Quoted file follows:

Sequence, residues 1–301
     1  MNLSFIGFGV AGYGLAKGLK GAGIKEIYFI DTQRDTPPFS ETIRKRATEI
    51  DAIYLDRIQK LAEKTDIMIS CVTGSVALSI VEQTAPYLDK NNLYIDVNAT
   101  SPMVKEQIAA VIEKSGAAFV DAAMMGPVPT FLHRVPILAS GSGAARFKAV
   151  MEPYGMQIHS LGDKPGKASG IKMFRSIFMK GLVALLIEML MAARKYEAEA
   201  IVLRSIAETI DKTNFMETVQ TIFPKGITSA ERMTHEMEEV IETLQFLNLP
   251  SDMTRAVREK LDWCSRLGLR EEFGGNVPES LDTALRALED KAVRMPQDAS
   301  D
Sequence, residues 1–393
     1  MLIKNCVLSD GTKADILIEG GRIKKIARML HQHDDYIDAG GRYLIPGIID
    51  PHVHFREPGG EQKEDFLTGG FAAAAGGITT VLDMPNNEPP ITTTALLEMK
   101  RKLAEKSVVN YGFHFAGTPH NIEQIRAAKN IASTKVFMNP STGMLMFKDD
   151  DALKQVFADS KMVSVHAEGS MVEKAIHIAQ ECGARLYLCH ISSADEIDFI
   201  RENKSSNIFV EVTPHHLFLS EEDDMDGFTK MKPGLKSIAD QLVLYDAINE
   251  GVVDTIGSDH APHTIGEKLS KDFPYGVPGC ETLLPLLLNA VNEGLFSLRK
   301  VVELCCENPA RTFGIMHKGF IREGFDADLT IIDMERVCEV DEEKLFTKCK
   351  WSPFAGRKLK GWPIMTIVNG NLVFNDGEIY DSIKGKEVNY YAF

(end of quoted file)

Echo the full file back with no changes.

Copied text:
Sequence, residues 1–301
     1  MNLSFIGFGV AGYGLAKGLK GAGIKEIYFI DTQRDTPPFS ETIRKRATEI
    51  DAIYLDRIQK LAEKTDIMIS CVTGSVALSI VEQTAPYLDK NNLYIDVNAT
   101  SPMVKEQIAA VIEKSGAAFV DAAMMGPVPT FLHRVPILAS GSGAARFKAV
   151  MEPYGMQIHS LGDKPGKASG IKMFRSIFMK GLVALLIEML MAARKYEAEA
   201  IVLRSIAETI DKTNFMETVQ TIFPKGITSA ERMTHEMEEV IETLQFLNLP
   251  SDMTRAVREK LDWCSRLGLR EEFGGNVPES LDTALRALED KAVRMPQDAS
   301  D
Sequence, residues 1–393
     1  MLIKNCVLSD GTKADILIEG GRIKKIARML HQHDDYIDAG GRYLIPGIID
    51  PHVHFREPGG EQKEDFLTGG FAAAAGGITT VLDMPNNEPP ITTTALLEMK
   101  RKLAEKSVVN YGFHFAGTPH NIEQIRAAKN IASTKVFMNP STGMLMFKDD
   151  DALKQVFADS KMVSVHAEGS MVEKAIHIAQ ECGARLYLCH ISSADEIDFI
   201  RENKSSNIFV EVTPHHLFLS EEDDMDGFTK MKPGLKSIAD QLVLYDAINE
   251  GVVDTIGSDH APHTIGEKLS KDFPYGVPGC ETLLPLLLNA VNEGLFSLRK
   301  VVELCCENPA RTFGIMHKGF IREGFDADLT IIDMERVCEV DEEKLFTKCK
   351  WSPFAGRKLK GWPIMTIVNG NLVFNDGEIY DSIKGKEVNY YAF